WEF: Community Crushing Corruption

Community is a concept that we use often, but often fail to define. This past week in class we have been analyzing the meaning of community. Is it something geographical? Or something deeper? McMillan and Chavis in “Sense of Community: A Definition and Theory” define community in terms of membership, influence, integration and fulfillment of needs, and shared emotional connection. I think this working definition is a good description of what we tend to define as community. However, it is debatable whether a shared emotional connection is always necessary. What is necessary, though, in the aspect of any community is people – or shareholders. A community is nothing without the input and ideas of the people within the community. Whether it be receiving feedback or letting the members have a voice, it is important to remember a community functions in order to fulfill the needs of its stakeholders.

Dr. Carlson gave us an assignment this weekend to dissect and map a community. Having recently attended the World Economic Forum, I decided to analyze the community that seeks to end the corruption associated with capitalism. With the theme of the forum being “The Great Transformation: Shaping New Models” and the Occupy protests, I find it fitting to analyze the communities that are working to find economic and social “justice”. From high level CEOs to aspiring future leaders, there is a large network of people who have the same common goal – seeking to operate within a more transparent and fair economic system. Although the map is not all inclusive, it provides an idea of how many people are passionate about making a difference.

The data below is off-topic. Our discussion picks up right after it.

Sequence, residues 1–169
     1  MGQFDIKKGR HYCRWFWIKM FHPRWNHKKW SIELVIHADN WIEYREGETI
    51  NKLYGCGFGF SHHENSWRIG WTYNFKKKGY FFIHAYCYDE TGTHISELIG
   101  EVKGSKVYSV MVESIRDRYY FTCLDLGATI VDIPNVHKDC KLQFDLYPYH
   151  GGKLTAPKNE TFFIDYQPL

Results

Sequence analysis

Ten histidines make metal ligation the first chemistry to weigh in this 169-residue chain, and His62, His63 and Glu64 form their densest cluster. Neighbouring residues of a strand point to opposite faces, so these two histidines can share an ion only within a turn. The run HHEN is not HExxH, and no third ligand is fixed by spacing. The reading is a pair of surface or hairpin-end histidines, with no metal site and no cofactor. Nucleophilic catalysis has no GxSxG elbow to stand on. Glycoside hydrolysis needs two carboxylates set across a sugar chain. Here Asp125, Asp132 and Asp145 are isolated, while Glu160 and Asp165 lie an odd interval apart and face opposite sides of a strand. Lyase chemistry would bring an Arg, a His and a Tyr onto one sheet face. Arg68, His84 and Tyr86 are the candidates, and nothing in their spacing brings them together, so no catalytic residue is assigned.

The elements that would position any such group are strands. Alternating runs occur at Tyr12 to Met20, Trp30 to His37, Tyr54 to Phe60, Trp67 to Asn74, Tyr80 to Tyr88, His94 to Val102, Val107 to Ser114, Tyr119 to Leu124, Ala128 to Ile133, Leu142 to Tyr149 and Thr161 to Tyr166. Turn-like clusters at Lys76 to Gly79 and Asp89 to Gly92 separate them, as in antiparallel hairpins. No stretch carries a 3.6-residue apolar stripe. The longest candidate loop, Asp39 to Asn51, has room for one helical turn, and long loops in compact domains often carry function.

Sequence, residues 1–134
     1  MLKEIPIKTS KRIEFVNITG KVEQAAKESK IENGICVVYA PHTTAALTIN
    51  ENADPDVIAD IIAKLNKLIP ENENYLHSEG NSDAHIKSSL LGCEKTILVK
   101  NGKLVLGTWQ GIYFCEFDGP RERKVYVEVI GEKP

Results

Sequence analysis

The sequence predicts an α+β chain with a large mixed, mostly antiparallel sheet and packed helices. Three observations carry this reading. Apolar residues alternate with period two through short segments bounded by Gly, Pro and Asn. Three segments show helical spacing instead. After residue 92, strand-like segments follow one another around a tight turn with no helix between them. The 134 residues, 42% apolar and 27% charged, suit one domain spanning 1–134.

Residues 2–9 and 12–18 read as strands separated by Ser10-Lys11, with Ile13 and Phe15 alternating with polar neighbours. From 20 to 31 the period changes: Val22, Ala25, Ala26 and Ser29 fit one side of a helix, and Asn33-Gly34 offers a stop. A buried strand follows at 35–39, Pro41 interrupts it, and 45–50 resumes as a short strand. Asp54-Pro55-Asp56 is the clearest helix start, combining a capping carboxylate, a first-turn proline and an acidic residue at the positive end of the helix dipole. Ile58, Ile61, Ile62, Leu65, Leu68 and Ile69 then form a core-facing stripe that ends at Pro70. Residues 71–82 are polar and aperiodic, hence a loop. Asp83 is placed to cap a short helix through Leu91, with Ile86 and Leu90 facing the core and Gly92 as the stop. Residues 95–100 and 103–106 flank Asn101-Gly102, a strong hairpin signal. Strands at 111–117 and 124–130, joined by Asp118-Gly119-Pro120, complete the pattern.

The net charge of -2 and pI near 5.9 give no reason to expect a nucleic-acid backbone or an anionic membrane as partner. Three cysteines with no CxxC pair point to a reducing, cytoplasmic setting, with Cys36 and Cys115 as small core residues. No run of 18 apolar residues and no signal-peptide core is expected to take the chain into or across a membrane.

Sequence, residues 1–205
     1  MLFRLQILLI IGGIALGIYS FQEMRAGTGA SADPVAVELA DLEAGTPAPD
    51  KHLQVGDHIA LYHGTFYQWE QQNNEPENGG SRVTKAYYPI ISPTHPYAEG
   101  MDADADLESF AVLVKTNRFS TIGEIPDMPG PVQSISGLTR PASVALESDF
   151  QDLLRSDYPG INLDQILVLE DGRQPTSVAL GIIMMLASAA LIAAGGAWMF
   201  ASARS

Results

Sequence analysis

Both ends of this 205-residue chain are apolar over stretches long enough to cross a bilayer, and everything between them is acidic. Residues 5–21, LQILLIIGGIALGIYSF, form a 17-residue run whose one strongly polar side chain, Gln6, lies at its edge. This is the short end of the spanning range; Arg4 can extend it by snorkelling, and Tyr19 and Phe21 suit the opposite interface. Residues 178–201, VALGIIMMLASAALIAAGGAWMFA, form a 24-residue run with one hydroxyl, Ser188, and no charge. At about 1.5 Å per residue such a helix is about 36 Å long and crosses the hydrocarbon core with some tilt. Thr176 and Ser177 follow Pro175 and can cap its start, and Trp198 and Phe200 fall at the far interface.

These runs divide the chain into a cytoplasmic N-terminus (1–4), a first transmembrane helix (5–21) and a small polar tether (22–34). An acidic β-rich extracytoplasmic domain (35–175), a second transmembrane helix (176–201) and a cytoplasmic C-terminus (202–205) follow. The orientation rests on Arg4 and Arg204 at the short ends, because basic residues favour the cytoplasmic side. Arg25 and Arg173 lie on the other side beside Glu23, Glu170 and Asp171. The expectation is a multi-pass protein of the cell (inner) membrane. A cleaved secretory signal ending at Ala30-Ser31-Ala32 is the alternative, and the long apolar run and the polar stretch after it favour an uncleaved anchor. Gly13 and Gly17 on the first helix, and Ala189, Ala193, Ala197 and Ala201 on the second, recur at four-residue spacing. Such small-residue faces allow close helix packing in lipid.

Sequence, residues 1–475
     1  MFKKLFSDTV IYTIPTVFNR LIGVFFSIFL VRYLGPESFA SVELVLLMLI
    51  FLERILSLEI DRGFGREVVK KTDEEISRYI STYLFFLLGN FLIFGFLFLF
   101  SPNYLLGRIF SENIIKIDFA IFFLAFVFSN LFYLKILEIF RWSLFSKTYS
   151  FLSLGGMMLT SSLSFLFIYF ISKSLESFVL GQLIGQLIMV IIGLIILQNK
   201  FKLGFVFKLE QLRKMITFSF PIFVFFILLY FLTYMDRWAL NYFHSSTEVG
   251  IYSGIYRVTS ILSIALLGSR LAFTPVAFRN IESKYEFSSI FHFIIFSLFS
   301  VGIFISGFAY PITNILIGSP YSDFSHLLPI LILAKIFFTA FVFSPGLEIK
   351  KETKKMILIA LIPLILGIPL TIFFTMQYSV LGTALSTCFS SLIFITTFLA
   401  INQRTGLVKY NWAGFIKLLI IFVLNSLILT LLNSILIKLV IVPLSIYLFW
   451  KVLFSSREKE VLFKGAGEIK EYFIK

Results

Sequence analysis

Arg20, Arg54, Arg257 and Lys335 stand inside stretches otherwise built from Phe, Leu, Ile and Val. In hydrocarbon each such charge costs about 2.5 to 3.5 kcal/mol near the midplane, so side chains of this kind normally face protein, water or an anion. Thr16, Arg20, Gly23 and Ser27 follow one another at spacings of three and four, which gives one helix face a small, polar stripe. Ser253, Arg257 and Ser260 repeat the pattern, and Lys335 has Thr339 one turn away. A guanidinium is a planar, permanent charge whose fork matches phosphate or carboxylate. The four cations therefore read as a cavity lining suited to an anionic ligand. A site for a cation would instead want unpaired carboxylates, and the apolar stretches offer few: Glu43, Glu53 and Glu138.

3 thoughts on “WEF: Community Crushing Corruption

  1. Great job Karli! I hope this exercise helped you better understand both the World Economic Forum as well as all the participants who have a “voice.” Not shown on your map are all the people in the world who do not have a voice – the everyday citizen who does not participate for whatever reason (not invited, can not afford to travel to Davos, not part of the circles who discuss these issues, etc). Is it the job of WEF to seek those people out, as the Occupy Movement would hope, or is it up to government and other organizations to continue the discussions back in their home countries?

    • Dr. Carlson, I believe it is the responsibilities of the governments and organizations to go back and incorporate the average person into the system. The WEF exists to bring up ideas for change, not implement the change. Although the WEF has a great amount of influence, I do not believe they have the time or resources to be able to reach out to every single person. Occupy Movement has a great idea but it is poorly implemented. They need to be working with governments and organizations in order to incorporate more people in the “voice”.

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